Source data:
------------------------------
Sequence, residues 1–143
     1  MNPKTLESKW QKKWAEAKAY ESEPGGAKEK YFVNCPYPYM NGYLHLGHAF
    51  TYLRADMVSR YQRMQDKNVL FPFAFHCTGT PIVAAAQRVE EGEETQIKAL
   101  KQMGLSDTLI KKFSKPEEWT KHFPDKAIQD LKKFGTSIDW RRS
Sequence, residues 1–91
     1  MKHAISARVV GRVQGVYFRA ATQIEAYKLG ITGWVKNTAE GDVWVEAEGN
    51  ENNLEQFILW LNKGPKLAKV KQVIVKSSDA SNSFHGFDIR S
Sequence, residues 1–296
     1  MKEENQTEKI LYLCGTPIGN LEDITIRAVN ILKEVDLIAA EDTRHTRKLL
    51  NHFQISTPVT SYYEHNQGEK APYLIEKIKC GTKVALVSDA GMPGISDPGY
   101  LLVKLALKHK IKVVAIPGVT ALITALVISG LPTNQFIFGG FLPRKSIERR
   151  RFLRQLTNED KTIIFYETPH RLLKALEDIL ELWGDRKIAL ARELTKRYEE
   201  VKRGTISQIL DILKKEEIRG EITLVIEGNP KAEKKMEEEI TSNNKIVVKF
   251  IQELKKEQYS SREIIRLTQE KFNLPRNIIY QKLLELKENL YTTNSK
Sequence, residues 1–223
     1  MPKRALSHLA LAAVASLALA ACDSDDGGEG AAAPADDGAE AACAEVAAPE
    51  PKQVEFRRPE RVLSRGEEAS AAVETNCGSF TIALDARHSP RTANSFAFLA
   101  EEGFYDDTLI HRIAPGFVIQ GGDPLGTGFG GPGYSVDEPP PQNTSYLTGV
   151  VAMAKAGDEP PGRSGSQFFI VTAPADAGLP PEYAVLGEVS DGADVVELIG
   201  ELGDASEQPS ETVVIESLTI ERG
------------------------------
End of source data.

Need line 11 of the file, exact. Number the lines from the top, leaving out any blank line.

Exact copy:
   101  LLVKLALKHK IKVVAIPGVT ALITALVISG LPTNQFIFGG FLPRKSIERR